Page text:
Missouri House Speaker Pro Tem Denny Hoskins, Republican from District 054provides an insider perspective on the Missouri General Assembly as we discuss education, the Speaker's position, and Missouri's most famous dog, Old Drum.

This is an excerpt from Statehouse Blend. You can listen to the full episode here, or by subscribing on iTunes.


  • Denny Hoskins, Rep. from District 054, Missouri General Assembly 
  • Bess Hayles, Teacher from Lee's Summit
  • Kyle Palmer, Newscaster, KCUR
Liz / Wikimedia Commons

Kansas has an unusually high number of teacher vacancies this year.

Some 317 teacher vacancies were reported across the state last month, according to a Kansas State Department of Education report.

Officials said that’s at least 100 more than normal for this time of year.

Special education teachers are needed most, according to the report. There are 46 openings around the state, with many in southwest Kansas where teachers with special language skills are needed for a large population of Spanish speakers, which are always difficult to fill.

Sam Zeff / KCUR

What should a successful 24-year-old know?

That’s the question top Kansas education officials are debating after a tour of the state this summer.

But asking is the easy part. The difficulty comes in figuring out how to actually teach some of the skills.

It's a discussion that could forever change education in Kansas and that conversation comes to Olathe Tuesday morning.

First, know this: the discussion in Kansas is far loftier than how to teach math or reading. It’s at the 50,000 foot level — maybe even 100,000.

Hannah Copeland / KCUR

Bassist Johnny Hamil started out playing what he calls "sleaze-rock." Now, he performs and teaches in many musical languages, and he's trying to teach classically trained young musicians to shred with all-string arrangements of songs by AC/DC and the Ramones. 


What's the process being used to determine how well teachers are educating their students? Steve Kraske examines how educators are evaluated in Kansas and Missouri.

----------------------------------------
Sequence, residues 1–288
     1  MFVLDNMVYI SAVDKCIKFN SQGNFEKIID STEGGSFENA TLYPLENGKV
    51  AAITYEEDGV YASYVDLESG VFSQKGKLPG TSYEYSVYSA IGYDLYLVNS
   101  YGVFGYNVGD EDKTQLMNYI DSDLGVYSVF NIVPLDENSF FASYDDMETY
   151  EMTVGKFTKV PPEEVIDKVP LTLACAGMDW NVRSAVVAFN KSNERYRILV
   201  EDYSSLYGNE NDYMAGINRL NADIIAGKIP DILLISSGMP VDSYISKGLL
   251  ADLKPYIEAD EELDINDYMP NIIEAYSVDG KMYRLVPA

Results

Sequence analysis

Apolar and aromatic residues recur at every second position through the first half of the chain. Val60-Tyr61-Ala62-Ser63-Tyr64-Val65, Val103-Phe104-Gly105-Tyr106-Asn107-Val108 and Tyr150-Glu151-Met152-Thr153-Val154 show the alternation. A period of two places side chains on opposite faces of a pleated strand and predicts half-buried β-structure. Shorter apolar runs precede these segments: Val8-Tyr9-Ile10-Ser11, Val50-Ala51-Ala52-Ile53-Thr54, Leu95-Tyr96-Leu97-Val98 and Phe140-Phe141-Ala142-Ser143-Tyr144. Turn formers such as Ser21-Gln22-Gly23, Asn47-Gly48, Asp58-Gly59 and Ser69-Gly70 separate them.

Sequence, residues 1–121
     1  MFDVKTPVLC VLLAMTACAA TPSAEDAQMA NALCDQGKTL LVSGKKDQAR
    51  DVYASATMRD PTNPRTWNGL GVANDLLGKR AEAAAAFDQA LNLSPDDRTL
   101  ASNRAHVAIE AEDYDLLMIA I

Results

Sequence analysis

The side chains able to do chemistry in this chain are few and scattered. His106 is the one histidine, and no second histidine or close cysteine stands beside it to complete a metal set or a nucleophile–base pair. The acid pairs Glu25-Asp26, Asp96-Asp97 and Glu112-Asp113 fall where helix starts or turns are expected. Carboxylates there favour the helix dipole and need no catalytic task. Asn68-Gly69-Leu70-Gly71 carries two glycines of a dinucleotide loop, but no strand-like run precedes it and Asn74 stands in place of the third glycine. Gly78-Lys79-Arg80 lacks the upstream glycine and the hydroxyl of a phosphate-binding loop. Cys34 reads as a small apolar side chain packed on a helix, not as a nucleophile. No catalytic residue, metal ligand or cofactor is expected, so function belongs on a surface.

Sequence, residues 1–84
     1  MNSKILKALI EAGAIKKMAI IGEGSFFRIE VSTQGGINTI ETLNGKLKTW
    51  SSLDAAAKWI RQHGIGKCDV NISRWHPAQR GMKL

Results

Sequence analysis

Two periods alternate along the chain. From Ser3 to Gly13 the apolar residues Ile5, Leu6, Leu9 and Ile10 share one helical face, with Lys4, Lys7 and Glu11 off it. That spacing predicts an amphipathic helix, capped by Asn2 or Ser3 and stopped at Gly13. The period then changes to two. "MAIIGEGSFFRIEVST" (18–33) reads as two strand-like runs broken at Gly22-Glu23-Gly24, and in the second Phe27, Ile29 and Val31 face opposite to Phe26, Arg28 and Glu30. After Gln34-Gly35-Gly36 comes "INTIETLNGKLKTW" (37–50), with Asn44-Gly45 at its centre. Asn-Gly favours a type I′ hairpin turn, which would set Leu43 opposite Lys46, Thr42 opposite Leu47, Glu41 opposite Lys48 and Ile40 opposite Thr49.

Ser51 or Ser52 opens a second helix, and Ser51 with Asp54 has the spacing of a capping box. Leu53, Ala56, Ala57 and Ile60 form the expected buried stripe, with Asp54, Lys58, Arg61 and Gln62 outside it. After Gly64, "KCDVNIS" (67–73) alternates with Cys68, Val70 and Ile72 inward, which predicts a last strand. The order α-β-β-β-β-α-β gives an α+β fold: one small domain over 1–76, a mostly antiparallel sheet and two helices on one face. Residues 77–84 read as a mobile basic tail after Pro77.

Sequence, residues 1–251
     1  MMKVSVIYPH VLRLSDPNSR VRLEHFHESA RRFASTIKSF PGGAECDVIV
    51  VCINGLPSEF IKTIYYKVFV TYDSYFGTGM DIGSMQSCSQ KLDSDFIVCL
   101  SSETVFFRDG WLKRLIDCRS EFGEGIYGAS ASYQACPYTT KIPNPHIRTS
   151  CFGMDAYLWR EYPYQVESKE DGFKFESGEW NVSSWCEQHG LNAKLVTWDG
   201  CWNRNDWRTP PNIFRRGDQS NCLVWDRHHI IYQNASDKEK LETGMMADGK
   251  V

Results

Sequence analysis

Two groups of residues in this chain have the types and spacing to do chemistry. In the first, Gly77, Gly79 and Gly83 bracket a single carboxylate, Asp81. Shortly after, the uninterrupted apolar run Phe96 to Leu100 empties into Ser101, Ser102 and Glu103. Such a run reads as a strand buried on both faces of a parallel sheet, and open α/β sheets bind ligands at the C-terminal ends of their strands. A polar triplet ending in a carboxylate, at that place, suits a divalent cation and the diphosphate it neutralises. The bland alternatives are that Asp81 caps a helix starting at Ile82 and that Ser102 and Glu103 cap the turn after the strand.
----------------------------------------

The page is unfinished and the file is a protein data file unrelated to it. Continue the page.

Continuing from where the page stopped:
Stephen Koranda / Kansas Public Radio

New test scores released Tuesday show only a quarter of Kansas 10th graders have the math skills needed to be ready for college or a career after graduation. Around a third of 10th graders were shown to have English skills that place them on the college track.

The goal of the new tests is to better judge if students will be ready for college or a job after high school. Board of Education Chairman Jim McNiece says this year's scores may not be as high as some people had hoped, but board members chose to set high goals for the state's students.

Kyle Palmer / KCUR

Mike Besler is a former Kansas state high school champion quarterback and a member of the Blue Valley West High School Hall of Fame. But he still needs a coach. 

"When I first heard, I was kind of like, 'I want my own space.' But now that I've seen how resourceful it is, it's made a world of difference," Besler says. 

alamosbasement / Flickr--CC

Parents and teachers in Kansas may be in for a shock when new standardized test scores are released.

The Kansas State Board of Education will meet Tuesday in Topeka to review the results.

After that, statewide results on math and English are expected to be released and then districts will start to send letters to parents on how their students performed.

Department of Education Deputy Commissioner Brad Neuenswander says because the tests were more difficult, parents should not be shocked with relatively low scores.

Kansas City-area students who transfer during the school year face daunting challenges. Student mobility interrupts a child's education and presents teachers with the task of catching pupils up with the rest of the class.


  • Dr. Leigh Anne Taylor Knight is the Executive Director of the Kansas City Area Education Research Consortium.
  • Ann Jarrett is Teaching & Learning Director for the Missouri National Education Association.
Julia Szabo / KCUR

Name: Kelly Ott

Number of Years In Education: 18

Role: Director of Professional Development (Blue Valley Public Schools)

 Kelly Ott is a second career teacher who came to the profession with the goal of leaving a positive footprint. After graduating from college with International Business and French degrees she worked in the fashion industry in Paris, but she knew she wanted more...